When Pettibone got pregnant, Mama sat her down and told her that was just what she should expect, carrying on that way. We kids thought that was hilarious, although I was the only one who understood how she had been carrying on. This was the mid-50s, so these were outside animals. When my parents got up in the morning and went to the kitchen to make coffee, Pettibone would hang from the window screen and meow and they would let them in for a good morning visit. One morning, there was Pettibone with a kitten in her mouth, and when Daddy opened the door, the other kittens, with Heathcliffe guarding them from a tomcat, were under the window. All of the animals stayed in the house most of the time after that, and the kittens climbed all over Heathcliffe, sleeping under his ears and between his front paws.

Sadly, just after we had moved into a new house and given away the last kitten, Heathcliffe was killed. Miss Pettibone went crazy. She yowled without cease, refused to eat, ran up the drapes, and shook like she was freezing to death. For days and days. Daddy took her to the vet and there was nothing that could be done. Losing her kittens and her brother so close together with moving to a totally new territory was more than she could endure. When Daddy gave permission for her to be put down, he cried and said he couldn't afford to love another animal, it was too painful to lose them.

Until the day, about six months later, when he was driving home and saw a group of big boys tormenting a small dog. Daddy stopped the car, opened the door, made that smacking noise dog people call dogs with, and the bedraggled creature shot into the car like a bullet. He was a funny looking little guy, like a rag mop without the handle, all mud and cuts. Of course, we took him to the vet to have his wounds tended, and it turned out that he was a Lhasa Apso . (Everything they say about these dogs in the Wikipedia article was true of this one.) We put ads in the paper, but no one answered them. We had our small, curly-haired purebred dog.*I named him Kal, after Superman. Kal hated men and boys, except for Daddy and Forrest. He didn't even like women who wore slacks, and would worry Mama's hems when she wore jeans. After I went to live with Auntie, he became Forrest's dog. Forry would ride off on his bike, Kal in dogged pursuit, and come home with Kal in the basket, his tongue hanging out and ears flying in the wind. Lhasas, although small, are not lap dogs. They need active attention and one adventurous 11 year-old boy gladly supplied it. They were a team. The vet had told us that Lhasas were hard to keep alive in the summer in California, coming from Tibet, and so come summer, Daddy trimmed him to look like a little lion, with his feet and head still long-haired but his little body short. It was the first time we knew how small he really was, and how broad his chest.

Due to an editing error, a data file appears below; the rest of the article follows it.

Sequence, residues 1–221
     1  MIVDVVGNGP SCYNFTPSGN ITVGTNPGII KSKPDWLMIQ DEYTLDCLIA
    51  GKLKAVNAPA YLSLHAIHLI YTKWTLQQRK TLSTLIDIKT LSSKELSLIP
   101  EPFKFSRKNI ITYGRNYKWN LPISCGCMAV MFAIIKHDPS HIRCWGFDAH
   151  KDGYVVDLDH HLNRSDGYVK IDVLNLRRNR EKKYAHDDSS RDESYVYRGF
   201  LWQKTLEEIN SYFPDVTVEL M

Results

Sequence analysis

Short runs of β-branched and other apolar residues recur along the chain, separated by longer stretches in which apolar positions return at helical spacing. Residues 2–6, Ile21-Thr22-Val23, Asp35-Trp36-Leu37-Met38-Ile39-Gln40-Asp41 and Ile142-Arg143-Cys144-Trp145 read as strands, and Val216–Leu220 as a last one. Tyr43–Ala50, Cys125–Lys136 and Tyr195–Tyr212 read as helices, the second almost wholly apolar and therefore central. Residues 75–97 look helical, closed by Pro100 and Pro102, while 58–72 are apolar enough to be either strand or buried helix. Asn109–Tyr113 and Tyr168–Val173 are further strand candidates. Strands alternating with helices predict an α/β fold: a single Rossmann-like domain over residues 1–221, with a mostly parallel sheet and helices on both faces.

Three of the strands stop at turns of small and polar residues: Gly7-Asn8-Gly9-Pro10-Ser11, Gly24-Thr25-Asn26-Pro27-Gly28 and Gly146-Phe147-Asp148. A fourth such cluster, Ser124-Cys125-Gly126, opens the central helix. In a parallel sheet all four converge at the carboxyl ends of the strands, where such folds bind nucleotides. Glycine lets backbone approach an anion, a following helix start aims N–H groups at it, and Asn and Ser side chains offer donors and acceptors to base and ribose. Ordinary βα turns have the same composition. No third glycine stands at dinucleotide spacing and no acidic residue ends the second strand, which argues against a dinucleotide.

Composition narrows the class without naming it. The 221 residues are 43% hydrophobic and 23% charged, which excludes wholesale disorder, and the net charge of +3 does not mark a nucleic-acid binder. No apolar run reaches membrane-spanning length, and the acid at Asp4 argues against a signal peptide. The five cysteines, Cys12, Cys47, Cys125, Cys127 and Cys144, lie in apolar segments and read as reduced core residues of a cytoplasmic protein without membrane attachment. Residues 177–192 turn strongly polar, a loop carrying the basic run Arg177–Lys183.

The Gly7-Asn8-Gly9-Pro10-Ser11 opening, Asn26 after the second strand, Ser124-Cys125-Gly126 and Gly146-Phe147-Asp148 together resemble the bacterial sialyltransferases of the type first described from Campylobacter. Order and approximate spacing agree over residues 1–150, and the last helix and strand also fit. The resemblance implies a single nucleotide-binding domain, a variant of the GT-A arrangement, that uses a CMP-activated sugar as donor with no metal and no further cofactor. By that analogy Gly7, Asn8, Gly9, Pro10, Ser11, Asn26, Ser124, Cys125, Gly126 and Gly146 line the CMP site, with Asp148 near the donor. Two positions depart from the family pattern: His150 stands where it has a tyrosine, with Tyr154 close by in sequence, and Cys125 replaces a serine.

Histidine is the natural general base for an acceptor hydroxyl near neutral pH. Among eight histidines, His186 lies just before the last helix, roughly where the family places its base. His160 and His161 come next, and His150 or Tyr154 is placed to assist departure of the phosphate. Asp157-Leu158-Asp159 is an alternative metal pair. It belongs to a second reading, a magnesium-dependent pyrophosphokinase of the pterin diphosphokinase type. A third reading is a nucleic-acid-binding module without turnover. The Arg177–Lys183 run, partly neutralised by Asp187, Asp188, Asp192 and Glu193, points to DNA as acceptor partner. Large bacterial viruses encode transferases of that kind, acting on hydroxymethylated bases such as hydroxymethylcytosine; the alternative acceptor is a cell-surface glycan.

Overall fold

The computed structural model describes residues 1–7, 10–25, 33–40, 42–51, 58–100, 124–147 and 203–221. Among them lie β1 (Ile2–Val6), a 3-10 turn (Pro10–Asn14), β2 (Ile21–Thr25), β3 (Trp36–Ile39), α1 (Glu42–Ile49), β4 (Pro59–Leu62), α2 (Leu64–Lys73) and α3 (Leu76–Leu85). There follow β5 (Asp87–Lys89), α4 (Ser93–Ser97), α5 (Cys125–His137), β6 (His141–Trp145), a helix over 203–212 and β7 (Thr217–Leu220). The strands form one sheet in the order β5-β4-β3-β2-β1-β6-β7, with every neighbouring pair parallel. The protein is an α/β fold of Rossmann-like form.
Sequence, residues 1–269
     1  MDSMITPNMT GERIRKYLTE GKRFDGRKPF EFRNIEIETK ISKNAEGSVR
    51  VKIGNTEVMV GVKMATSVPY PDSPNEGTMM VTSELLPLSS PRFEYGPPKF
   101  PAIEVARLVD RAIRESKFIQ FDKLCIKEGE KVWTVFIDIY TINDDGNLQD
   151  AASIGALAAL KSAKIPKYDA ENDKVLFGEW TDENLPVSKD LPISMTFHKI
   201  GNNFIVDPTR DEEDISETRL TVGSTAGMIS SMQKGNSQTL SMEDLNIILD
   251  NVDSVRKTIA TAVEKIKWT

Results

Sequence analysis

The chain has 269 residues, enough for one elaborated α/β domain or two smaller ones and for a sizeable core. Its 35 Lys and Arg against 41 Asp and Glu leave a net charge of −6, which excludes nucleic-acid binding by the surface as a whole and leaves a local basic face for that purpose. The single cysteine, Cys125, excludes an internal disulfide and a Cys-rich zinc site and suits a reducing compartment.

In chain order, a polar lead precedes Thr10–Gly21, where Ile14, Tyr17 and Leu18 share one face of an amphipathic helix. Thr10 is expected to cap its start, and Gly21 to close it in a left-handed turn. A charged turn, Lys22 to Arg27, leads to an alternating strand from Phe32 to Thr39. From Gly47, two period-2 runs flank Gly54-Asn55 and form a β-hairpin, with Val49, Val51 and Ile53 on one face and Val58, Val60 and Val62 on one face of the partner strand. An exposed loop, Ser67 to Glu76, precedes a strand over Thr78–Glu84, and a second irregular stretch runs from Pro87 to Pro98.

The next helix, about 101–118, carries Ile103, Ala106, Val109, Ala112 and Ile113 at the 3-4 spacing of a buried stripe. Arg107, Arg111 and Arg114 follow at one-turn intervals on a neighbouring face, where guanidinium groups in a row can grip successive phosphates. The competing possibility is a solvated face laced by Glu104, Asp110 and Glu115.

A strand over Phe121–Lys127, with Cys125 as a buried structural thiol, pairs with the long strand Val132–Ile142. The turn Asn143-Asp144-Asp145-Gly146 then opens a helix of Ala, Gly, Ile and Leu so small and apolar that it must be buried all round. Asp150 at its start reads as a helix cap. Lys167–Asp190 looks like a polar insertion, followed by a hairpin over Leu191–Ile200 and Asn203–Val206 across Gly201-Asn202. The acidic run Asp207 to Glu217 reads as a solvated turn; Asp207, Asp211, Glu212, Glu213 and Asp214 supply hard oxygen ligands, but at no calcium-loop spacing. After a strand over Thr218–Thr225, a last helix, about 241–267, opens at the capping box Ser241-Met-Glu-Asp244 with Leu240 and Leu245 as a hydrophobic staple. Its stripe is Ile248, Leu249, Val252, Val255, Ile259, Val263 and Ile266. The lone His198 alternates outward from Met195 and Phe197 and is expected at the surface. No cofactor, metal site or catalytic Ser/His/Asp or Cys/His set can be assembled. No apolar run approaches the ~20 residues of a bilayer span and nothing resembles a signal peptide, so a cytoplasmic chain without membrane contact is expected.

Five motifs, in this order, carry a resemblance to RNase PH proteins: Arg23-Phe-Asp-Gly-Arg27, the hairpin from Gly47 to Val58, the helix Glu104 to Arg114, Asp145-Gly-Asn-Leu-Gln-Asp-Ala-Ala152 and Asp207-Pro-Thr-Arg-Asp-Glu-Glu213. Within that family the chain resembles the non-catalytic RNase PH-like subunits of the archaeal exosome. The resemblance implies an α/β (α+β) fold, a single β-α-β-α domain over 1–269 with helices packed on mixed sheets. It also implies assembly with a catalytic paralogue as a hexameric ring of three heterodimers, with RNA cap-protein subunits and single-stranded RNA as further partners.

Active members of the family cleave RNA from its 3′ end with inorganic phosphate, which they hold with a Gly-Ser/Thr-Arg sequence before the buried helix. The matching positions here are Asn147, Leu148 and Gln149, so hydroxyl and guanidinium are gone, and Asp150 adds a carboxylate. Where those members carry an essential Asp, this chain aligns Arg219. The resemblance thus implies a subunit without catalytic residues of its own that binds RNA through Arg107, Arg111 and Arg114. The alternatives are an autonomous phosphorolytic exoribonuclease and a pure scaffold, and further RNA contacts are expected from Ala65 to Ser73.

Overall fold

When I lived with Auntie, we had a large, orange cat named Punky who Auntie had rescued from the highway when she was just a tiny thing. Punky was very affectionate, more than willing to sleep on a lap and purr by the hour. Auntie credited her with having kept my great-grandfather alive for the last years of his life by providing him with an interest and something young to love.

* Considering that this was the mid-50s, and Lhasas were very rare in the US at the time, we had our very expensive, small, curly-haired, purebred dog for free! He more than made up for the cost of Rubio.

1 comment:

kenju said...

What a great story! I love to read of dogs and cats being friends. I had a pair back in the 50's and 60's who were fast friends.